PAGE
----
Too young to drive

The following editorial appeared in The Sentinel, Carlisle, Pa., on Thursday, July 23:

If you are a parent you understand the fear and trepidation of handing over the car keys to your children.

Now, imagine handing them the keys to a big rig, an 18-wheeler.

Typically, a teen’s first vehicle is something used, something inexpensive, because parents understand that as young and inexperienced drivers, they will be involved in an accident.

Parents’ worst fears aside, the reality is, teens have more accidents than adults. And not just more; a lot more.

According to the Transportation Departments Fatality Analysis Reporting System, drivers 18-20 years of age have a fatal crash rate 66 percent higher than drivers over 21.

Fully understanding these facts, two Republican Senators, John Thune of South Dakota and Jerry Moran of Kansas, introduced a bill in the Senate Commerce Committee that would lower the age from 21 to 18 to participate in interstate trucking.

That’s correct. They want to allow 18 year olds to drive 80,000 pound missiles on our nation’s highways. And that is not all. They want to allow them to work up to 82 hours a week.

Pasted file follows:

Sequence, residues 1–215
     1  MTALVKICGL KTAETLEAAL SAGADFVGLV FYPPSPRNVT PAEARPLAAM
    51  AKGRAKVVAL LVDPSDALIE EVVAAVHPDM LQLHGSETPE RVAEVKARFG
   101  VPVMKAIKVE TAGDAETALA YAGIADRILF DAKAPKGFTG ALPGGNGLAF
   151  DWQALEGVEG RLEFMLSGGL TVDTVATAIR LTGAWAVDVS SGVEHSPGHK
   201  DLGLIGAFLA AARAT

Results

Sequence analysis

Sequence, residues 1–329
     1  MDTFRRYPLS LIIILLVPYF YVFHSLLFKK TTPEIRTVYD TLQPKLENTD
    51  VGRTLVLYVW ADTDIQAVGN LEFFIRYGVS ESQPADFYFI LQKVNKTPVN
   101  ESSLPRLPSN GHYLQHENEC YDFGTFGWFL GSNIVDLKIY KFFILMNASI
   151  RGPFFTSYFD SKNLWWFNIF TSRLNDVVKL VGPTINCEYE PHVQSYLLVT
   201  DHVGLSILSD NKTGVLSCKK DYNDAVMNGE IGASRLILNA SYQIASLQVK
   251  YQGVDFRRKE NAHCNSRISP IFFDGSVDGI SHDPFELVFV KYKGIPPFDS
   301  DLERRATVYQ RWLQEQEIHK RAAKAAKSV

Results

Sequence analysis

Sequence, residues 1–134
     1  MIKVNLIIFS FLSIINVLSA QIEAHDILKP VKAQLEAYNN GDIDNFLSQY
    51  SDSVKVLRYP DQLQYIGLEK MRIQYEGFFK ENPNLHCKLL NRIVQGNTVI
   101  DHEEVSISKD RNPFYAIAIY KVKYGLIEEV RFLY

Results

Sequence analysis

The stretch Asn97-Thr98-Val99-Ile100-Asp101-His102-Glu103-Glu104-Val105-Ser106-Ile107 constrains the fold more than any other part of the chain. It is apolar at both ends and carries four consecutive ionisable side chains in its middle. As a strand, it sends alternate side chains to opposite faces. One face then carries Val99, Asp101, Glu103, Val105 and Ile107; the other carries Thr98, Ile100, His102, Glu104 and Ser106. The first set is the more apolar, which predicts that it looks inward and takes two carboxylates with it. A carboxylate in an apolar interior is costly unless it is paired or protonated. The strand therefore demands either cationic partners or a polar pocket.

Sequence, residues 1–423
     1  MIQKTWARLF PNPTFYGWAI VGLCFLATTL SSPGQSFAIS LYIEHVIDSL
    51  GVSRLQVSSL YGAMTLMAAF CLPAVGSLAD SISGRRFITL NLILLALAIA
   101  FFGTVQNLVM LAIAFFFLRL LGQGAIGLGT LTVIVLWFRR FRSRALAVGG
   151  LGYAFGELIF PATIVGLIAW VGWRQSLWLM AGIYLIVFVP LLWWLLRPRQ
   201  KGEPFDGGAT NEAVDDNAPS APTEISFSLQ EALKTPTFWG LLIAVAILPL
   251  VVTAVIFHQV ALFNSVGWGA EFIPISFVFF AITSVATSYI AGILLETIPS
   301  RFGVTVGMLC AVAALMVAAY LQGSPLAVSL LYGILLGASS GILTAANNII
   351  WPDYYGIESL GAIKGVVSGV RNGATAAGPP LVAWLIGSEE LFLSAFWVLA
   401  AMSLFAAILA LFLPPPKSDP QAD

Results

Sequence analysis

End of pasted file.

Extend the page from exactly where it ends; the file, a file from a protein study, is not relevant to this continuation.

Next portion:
At the heart of this matter is a trucker shortage. The American Trucking Association estimates an immediate shortage of 35,000 to 40,000 drivers and a long-term shortage of up to 100,000.

Thune, a lap dog for the trucking industry, hails from South Dakota, which has the eighth highest rate of fatal highway crashes in the U.S. Rather than focus on fixing what is clearly a serious problem in his home state, Thune wants to export their misery to the rest of us.

Lowering the age, which necessarily lowers the standards, is hardly the answer.

Not too many years ago we had a teacher shortage in our country, but no one proposed we award teacher certificates to high school graduates or at the associate degree level.

For a number of years our nation has faced a nursing shortage, yet no one is calling for CNA’s (Certified Nursing Assistant) to be able to handle RN (Registered Nurse) work. On the contrary, many hospitals no longer employ LPN’s (Licensed Practical Nurse), setting RN as their minimum standard.

If the trucking industry needs more workers we suggest they begin by increasing the wage and improving work conditions, like every other industry.

With interstate highways, turnpikes, and a seemingly insatiable appetite for truck magnets (warehouses), Cumberland County seems particularly vulnerable to this ill-conceived plan.

We urge you to let Senators Casey and Toomey, and Representative Lou Barletta, a member of the house transportation committee, know your thoughts on this issue before it gains any traction.


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